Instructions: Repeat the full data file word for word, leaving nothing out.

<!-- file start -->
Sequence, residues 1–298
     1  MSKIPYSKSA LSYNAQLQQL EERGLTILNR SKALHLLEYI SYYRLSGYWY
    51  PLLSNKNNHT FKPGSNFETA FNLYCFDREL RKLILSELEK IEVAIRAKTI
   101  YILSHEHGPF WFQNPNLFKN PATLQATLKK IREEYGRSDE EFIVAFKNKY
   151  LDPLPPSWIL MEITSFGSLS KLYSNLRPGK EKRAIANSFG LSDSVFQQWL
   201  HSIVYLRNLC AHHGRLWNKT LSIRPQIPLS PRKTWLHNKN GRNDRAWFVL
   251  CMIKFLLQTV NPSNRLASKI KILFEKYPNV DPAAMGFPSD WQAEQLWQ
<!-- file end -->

Sequence, residues 1–298
     1  MSKIPYSKSA LSYNAQLQQL EERGLTILNR SKALHLLEYI SYYRLSGYWY
    51  PLLSNKNNHT FKPGSNFETA FNLYCFDREL RKLILSELEK IEVAIRAKTI
   101  YILSHEHGPF WFQNPNLFKN PATLQATLKK IREEYGRSDE EFIVAFKNKY
   151  LDPLPPSWIL MEITSFGSLS KLYSNLRPGK EKRAIANSFG LSDSVFQQWL
   201  HSIVYLRNLC AHHGRLWNKT LSIRPQIPLS PRKTWLHNKN GRNDRAWFVL
   251  CMIKFLLQTV NPSNRLASKI KILFEKYPNV DPAAMGFPSD WQAEQLWQ